Our View From Here

Perspectives of Five Women

In Stitches

on September 22, 2010

All I really wanted was a scarf. 

I looked around for the right color,  length, width, the right combination of features that made up the PERFECT SCARF that existed in my head.  I couldn’t find it.  So, I set to making it.  I’m not the type of person who allows the nonexistence of some theoretical thing get in the way of my having it. 

I taught myself to knit.

I had some help in this endeavor.  A little from my mother who cobbled together memories of learning years before, much of which, in the long run, proved inaccurate and unhelpful, but I didn’t know that at the time.  A lot from my co-worker, an avid knitter who could see my mistakes and tell me how to fix them without making me want to abandon the project altogether. 

A year and a half later, I had my scarf. 

Award-winning mittens!

It wasn’t perfect, but the unevenness of its rows and its clumsy bind-off only made its not-quite-rightness more endearing.  I made that.  And, if I could make that, what else could I make?  I wanted to find out.  I kept going with a few more clumsy scarves made of large yarn on biggish needles.  I made some hats and  a dog sweater from leftover bits of yarn that makes Roxy look like Bill Cosby.  I found a community of knitters online who had advice and stories to share, I read books, learned to read patterns, bought expensive, beautiful yarns “to use later.” I found yarn shops, I made toys, I learned new techniques: felting, cabling, lace, fair isle.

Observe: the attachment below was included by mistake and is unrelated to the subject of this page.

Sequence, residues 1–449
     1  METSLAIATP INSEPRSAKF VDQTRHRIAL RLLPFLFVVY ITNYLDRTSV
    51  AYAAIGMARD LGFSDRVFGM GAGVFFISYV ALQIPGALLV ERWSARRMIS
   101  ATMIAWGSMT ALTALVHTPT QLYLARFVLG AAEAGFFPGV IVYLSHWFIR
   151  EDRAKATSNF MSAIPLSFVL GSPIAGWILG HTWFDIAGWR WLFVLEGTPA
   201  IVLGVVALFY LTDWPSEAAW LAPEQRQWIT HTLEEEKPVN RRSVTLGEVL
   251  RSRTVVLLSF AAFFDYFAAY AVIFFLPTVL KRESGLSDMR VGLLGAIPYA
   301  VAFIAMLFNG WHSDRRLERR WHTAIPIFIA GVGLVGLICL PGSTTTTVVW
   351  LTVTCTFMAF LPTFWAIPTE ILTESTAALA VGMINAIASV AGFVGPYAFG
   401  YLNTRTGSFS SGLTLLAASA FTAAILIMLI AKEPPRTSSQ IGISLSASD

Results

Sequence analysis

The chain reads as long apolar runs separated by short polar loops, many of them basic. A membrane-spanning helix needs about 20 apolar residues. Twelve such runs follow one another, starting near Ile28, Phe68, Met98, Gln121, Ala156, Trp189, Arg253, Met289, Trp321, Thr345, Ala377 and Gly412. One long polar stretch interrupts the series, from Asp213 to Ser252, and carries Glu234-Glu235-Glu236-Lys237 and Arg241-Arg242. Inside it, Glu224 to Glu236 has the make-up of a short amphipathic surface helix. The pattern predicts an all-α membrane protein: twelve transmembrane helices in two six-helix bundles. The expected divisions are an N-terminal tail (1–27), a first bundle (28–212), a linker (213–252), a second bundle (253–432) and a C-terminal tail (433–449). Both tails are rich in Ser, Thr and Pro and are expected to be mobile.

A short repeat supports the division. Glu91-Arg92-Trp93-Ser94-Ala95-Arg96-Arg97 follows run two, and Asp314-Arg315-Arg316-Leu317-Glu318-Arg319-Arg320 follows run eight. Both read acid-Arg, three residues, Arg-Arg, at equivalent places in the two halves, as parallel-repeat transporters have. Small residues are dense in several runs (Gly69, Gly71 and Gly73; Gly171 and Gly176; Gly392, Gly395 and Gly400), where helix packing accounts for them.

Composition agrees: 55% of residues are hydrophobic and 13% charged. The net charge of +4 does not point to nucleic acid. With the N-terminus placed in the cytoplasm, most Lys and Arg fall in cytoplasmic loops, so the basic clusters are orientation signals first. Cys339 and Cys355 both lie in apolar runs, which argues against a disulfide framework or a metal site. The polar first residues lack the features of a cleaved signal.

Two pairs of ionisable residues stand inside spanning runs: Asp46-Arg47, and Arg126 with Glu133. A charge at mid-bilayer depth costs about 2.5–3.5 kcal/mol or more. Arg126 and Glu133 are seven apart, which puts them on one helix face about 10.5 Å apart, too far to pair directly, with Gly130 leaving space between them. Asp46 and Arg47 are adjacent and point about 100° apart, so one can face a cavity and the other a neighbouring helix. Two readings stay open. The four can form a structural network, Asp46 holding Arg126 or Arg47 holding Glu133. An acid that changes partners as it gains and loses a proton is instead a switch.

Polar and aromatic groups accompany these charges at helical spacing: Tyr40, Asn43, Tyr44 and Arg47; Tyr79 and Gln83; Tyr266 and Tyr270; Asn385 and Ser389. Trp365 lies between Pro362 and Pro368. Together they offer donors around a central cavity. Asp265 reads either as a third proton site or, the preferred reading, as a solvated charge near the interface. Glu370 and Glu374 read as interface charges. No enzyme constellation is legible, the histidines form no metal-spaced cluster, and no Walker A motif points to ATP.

Christmas Stocking for LanaThen I started making socks.  And it was all over for me.  I had turned the corner, I had gone from being a person who knew how to knit to a knitter.  My friends and family tease me about my yarn stash, which I see as an investment in their futures, since my nearest and dearest are the recipients of most of my wooly knitted love.  I got a huge compliment recently when my mom asked me to darn the socks I’d made for her four years ago: my mother wore those socks so much that she walked holes in them.  (I told her how to darn them herself: Step 1, hold over trash can; Step 2, release; Step 3,  say, “darn.”)

So now, I’m the crazy knitting person that people know.  I always have a several projects on the needles, one or two in my bag (this week it’s a lace scarf and a pair of socks), I’m always reading forums and blogs, and making lists of projects for the next round of gift-giving (Christmas knitting starts in August).

Roxy warming Amanda's blanket

Now, though, I’m having trouble finding the PERFECT ARMCHAIR.  I fear I could be heading down a dangerous path.


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